Federal Practice Materials


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American Jurisprudence Trials

  • Enforcement of Restrictive Covenant or Lease Provision Limiting the Keeping of Animals or Pets on Residential Property, 93 Am. Jur. Trials 193

    • § 11. Express covenants prohibiting or limiting keeping of animals and erection of structures

    • § 19. Lease provision restricting keeping of animals

  • Pit Bulldog Attack Litigation. 33 Am. Jur. Trials 195

    • § 4.5. Knowledge of vicious propensities


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American Jurisprudence Proof of Facts

  • Proof of Landlord’s Liability for Injury Inflicted by Tenant’s Dog, 85 Am. Jur. Proof of Facts 3d 1

  • Plaintiff's Negligence, Provocation, or Assumption of Risk as Defense in Dogbite Case, 39 Am. Jur. Proof of Facts 3d 133


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American JurisprudencePleadings and Practice Forms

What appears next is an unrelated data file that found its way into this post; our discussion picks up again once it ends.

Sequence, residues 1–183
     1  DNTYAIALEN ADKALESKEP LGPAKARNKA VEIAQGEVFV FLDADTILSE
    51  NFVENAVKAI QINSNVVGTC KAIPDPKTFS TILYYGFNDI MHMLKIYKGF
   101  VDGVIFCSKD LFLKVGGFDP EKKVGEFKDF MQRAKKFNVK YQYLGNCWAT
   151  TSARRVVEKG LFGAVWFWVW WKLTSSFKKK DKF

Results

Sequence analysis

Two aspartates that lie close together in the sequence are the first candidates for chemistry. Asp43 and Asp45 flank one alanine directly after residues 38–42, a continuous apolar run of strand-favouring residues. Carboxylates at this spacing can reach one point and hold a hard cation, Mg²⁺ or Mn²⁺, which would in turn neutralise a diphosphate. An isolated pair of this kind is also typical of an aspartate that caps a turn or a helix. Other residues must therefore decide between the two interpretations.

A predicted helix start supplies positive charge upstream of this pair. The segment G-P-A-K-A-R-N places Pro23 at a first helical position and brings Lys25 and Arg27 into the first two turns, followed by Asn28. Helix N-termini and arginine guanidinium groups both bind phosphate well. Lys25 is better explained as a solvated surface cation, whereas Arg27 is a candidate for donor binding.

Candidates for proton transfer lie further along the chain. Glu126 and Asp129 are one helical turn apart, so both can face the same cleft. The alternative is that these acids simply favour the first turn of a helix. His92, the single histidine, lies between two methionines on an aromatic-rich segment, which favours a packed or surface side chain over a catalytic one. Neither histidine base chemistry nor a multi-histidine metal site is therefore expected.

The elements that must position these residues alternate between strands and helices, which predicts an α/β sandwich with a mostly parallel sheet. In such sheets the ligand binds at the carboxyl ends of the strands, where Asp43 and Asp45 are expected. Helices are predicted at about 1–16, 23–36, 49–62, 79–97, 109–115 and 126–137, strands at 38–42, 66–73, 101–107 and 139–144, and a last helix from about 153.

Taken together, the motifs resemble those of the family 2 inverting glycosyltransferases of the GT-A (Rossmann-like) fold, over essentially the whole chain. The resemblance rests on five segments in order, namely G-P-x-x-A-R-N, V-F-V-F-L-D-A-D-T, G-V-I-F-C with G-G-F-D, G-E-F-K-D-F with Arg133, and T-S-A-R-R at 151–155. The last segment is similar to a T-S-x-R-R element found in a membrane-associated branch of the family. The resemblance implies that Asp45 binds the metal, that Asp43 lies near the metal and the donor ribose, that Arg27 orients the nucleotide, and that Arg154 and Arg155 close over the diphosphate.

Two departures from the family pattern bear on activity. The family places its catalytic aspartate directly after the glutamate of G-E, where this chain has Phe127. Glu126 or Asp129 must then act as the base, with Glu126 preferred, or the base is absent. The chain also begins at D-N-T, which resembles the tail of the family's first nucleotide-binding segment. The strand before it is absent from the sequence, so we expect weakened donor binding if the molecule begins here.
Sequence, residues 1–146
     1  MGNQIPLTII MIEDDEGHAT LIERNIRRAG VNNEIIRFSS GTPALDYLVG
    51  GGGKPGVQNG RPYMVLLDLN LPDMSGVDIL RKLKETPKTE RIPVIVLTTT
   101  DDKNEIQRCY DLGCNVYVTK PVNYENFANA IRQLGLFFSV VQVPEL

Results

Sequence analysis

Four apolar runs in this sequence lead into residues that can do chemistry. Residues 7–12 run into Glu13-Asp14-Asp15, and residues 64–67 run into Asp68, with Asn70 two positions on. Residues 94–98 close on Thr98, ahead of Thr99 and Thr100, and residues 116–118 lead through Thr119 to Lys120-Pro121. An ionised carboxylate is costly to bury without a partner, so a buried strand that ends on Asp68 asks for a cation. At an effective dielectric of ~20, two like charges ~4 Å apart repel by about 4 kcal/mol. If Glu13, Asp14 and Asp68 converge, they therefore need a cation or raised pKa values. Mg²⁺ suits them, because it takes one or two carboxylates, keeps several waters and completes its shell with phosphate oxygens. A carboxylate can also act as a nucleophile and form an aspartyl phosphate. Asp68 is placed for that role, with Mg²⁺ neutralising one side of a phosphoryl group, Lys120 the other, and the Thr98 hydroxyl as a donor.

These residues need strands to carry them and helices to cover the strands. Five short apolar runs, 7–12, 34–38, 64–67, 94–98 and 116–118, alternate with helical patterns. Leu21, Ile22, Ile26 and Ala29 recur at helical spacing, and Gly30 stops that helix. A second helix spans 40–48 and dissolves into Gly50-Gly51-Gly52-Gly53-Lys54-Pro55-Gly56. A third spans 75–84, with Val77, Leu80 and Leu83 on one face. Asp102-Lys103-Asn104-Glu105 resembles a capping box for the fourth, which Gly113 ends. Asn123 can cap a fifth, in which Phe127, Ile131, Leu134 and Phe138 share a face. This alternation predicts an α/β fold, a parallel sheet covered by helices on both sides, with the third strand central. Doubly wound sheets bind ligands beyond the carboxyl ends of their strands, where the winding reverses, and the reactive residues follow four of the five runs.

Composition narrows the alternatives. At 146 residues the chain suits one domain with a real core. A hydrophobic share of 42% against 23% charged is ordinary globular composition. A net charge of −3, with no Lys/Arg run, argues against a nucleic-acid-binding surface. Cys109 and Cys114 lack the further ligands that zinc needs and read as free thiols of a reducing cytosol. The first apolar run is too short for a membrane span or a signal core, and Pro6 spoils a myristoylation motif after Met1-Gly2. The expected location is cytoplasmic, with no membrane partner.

• Complaint, Petition, or Declaration – For Determination Whether Dog Should be Destroyed – By Party Bitten by Dog, 1C Am. Jur. Pl. & Pr. Forms Animals § 19

  • Complaint, Petition, or Declaration – Liability Imposed Under “Dog Bite” Statute, 1C Am. Jur. Pl. & Pr. Forms Animals § 120

  • Answer – Defense – Dog Bite – Trespass by Plaintiff, 1C Am. Jur. Pl. & Pr. Forms Animals § 127


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American JurisprudencePleadings and Practice Forms

  • The American Jurisprudence Pleadings and Practice Forms were helpful because they assisted me in learning about the Rules and Law regarding dog bites. Additionally, the applicable forms could potential assist someone in representing themselves in court matters.